Wednesday, 5 June 2019

An overnight stay in Málaga
on the way to visit Cordoba

The tower of Málaga Cathedral against the night sky last night (Photograph: Patrick Comerford, 2019)

Patrick Comerford

I am in Málaga this morning, having arrived on an evening flight from Dublin yesterday [4 June 2019]. I stayed overnight in the Ibis Málaga Centre Ciudad in the Centre of Málaga, close to the harbour and the port and within walking distance of the main sights, including the cathedral, the Picasso Museum, and the Roman amphitheatre, and Gibralfaro Castle and La Alcazaba, a magnificent Moorish fortress.

This short break was booked a long time ago, so I am sorry to miss the protests in Ireland today and tomorrow against Donald Trump's visit.

This is my third time in Spain within a nine-month period, and my sixth time to visit Spain.

In recent months, I have visited Seville and Tarifa (October 2018) and Santiago de Compostella (April 2019). In the past I have stayed in Madrid (2009), in La Carihuela near Torremolinos during Easter 2014, when I also visited Granada, the Alhambra, Málaga, Marbella, Fuengirola, Mijas and Gibraltar, and in Barcelona during Easter 2016.

For most of my adult life, I resisted the idea of going on a package holiday to Spain. For 40 years or more, I had travelled around the world for work and pleasure. But, apart from that city break in Madrid ten years ago I had never been to Spain for a holiday until 2014.

Until then, you could say, I did not know my Málaga from my Marbella, my Frigiliana from my Fuengirola, or the Costa Blanca from the Costa Brava and the Costa del Sol.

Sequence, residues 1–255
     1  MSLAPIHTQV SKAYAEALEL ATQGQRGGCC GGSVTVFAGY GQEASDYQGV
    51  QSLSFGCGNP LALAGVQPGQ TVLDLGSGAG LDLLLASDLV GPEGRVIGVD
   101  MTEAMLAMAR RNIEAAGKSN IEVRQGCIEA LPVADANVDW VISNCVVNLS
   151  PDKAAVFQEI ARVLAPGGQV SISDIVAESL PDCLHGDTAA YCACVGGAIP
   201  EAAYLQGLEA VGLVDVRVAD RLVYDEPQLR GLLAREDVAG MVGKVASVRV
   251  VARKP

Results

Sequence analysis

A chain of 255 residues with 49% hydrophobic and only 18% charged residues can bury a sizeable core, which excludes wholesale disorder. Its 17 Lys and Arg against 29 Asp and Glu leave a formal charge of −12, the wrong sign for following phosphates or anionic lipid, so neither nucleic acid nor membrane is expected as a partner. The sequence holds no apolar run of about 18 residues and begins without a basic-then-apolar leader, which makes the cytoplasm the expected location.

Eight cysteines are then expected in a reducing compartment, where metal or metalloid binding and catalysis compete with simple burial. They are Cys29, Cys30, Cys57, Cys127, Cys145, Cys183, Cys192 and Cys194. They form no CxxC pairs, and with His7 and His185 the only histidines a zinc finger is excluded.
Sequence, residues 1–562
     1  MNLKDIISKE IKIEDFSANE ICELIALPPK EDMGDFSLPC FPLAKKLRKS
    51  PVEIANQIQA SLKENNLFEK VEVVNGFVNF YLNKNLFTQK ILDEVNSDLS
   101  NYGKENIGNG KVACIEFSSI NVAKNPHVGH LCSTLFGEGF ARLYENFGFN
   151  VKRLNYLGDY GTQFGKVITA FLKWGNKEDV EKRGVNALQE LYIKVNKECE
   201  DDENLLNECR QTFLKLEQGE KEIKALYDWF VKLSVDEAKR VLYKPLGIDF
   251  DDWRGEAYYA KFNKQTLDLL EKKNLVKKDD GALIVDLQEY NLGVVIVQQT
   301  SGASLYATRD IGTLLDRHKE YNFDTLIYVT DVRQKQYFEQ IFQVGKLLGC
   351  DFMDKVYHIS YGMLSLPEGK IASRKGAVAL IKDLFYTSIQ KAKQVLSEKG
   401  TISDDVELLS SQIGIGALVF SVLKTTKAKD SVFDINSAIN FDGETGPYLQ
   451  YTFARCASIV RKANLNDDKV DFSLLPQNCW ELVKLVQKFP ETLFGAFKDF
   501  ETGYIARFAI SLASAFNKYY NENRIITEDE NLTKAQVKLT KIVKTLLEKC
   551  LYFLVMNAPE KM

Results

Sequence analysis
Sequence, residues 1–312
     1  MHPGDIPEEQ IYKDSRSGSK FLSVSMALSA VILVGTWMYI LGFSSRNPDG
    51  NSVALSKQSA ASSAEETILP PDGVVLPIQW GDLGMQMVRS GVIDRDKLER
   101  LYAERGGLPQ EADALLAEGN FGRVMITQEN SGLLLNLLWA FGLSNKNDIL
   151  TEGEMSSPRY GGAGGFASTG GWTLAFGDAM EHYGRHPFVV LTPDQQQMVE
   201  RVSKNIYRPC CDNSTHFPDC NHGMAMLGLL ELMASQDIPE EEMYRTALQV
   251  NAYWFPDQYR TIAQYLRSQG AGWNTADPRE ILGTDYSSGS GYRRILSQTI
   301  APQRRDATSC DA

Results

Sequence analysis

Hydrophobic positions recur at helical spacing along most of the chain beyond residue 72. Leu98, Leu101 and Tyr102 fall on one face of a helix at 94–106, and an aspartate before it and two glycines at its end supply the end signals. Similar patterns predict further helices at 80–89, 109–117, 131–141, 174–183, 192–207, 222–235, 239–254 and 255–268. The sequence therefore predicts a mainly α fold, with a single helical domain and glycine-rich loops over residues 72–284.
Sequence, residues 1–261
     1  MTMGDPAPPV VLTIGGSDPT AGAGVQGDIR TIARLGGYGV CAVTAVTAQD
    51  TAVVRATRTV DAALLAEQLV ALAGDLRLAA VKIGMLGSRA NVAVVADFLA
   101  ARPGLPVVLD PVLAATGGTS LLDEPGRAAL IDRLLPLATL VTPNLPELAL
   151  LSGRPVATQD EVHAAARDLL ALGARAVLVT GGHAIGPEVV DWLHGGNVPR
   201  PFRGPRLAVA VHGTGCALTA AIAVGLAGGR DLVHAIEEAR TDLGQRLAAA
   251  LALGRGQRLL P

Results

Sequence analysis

I took Spanish at school for five years, motivated perhaps by stories that it was an easier language to learn than French, German or Italian. I had inspiring teachers who introduced me to Spanish literature, from Miguel de Cervantes and Don Quixote to 20th century poets such as Federico García Lorca, and Spanish artists from Velázquez, Murillo and Goya to Miró, Picasso and Dalí.

Why, I even managed to pass Spanish at Intermediate and Leaving Certificate levels, although 50 years later I have managed to forget most of the Spanish I learned at school.

I think my reluctance to go on a package holiday to Spain was partly due to my own snobbery, disguised as political certitude. Spain was the land of Franco, Guernica and the garrotte; Spain was a land of brutality symbolised in the bullfight and the civil war chillingly depicted by George Orwell in Homage to Catalonia; Spain was the land of the Spanish inquisition and the brutal expulsion of Jews and Muslims; and, before the package holiday industry boomed, Spain was popular with Irish people whose political sympathies on one hand were with the Blueshirts in the 1930s, or on the other hand with Frank Ryan who had defected to Nazi Germany.

Journalistic colleagues, including Paddy Woodworth, Colm Toibin and the late Jane Walker, chided and upbraided me for my inhibitions. But these prejudices persisted, reinforced by Monty Python sketches about Torremolinos, with half-built, high-rise hotels, Watney’s Red Barrel and pools with no water. Monty Python even reinforced my images with that sketch on the Spanish Inquisition.

Those prejudices have dissipated in recent years, hopefully, and I am back in Málaga after five years. After dinner last night, I strolled through the centre of Málaga, with its cathedral, squares and fountains. This is known as the capital of the Costa del Sol – but, without falling back on past prejudices, I should say that I am not here for a sun holiday at the start of summer.

I plan to travel on later today [5 June 2019] to Cordoba to visit the city’s famous Mosque, Cathedral and its Jewish Quarter.

I am back in Málaga later this week. Perhaps I shall find another opportunity on Friday to see a little more of the city before catching a return flight to Dublin.

A fountain in front of the cathedral in Málaga last night (Photograph: Patrick Comerford, 2019)

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